Balanced Matching and Labor Market Equilibrium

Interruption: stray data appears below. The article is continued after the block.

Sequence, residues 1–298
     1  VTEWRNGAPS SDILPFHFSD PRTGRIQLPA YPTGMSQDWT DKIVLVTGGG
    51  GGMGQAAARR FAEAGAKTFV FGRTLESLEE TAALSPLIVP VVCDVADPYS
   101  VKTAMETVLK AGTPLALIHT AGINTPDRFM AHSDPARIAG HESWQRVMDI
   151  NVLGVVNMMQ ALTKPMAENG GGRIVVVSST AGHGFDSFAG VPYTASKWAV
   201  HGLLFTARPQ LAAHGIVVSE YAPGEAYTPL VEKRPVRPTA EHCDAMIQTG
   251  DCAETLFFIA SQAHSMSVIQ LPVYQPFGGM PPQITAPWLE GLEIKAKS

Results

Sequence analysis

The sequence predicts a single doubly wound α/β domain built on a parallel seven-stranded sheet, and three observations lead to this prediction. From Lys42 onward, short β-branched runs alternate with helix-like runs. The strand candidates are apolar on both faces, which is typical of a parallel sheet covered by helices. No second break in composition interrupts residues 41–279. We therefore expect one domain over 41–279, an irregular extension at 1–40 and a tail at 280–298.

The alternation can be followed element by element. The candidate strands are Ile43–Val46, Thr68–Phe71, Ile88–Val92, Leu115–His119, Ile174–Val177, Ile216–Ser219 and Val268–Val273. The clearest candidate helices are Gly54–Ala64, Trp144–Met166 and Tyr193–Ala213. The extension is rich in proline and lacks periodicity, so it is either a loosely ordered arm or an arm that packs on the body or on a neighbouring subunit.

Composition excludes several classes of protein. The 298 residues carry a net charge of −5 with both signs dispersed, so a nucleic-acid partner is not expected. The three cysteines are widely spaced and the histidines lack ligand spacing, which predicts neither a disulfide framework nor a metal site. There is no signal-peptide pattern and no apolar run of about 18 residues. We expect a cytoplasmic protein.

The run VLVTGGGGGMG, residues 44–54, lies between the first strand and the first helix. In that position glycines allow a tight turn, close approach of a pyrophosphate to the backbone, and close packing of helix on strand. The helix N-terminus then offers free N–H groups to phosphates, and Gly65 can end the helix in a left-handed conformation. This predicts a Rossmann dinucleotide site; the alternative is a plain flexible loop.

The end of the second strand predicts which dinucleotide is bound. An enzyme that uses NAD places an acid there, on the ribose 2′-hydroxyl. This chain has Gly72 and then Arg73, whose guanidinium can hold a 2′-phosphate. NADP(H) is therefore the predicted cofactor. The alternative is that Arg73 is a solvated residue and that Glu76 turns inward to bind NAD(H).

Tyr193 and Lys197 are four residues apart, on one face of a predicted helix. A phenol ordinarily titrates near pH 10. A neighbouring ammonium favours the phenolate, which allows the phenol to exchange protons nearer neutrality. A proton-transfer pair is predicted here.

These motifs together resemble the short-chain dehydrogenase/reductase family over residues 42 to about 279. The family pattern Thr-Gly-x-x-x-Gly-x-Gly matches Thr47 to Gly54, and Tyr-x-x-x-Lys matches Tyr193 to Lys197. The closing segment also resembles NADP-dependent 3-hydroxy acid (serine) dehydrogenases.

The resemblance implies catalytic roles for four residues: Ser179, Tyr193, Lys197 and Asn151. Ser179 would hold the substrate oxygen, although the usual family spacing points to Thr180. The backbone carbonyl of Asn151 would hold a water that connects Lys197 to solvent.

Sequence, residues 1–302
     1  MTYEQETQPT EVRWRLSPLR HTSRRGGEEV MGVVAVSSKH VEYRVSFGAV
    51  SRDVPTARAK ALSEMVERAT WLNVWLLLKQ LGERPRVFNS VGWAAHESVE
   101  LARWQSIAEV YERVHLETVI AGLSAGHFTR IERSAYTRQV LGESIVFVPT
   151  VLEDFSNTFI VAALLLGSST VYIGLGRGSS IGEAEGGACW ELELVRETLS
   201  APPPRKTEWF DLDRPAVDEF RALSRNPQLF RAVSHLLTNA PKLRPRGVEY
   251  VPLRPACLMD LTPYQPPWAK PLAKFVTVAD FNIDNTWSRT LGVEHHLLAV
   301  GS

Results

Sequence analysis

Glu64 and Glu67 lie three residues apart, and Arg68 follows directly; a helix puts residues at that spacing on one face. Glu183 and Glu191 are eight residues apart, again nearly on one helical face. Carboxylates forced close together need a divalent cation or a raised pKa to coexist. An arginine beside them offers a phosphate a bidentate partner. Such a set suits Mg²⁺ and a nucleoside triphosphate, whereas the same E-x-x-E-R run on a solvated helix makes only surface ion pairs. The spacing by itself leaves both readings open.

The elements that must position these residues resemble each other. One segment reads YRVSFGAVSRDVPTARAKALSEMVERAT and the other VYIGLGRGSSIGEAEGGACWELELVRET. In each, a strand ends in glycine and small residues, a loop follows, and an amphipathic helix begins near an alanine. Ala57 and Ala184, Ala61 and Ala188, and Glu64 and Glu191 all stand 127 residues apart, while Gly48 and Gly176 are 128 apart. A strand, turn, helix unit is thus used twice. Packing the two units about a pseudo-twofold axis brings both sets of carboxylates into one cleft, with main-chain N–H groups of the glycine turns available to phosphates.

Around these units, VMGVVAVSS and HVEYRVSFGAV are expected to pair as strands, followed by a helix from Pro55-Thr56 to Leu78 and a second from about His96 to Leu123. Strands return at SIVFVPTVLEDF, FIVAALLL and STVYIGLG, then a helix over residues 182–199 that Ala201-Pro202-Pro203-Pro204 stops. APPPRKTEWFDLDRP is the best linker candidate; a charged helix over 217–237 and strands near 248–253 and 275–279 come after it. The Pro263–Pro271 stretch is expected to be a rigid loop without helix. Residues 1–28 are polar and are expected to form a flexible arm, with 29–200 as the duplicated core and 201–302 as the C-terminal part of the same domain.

The authors analyze equilibrium in a labor market wherein it takes time for the workers to contact forms. Workers, assumed identical, repeatedly sell their labor services all through their work lives, choosing their search intensity endogenously. Identical firms attempt to maximize their steady-state profit flow. The authors focus on the importance and consequences of balanced matching, in which workers are more likely to contact a larger firm. A unique equilibrium is shown to exist wherein all firms offer the same wage and select an employment level at which wage equals marginal product. The effect of traditional labor market policies and empirical implications are discussed. Copyright 1988 by University of Chicago Press.
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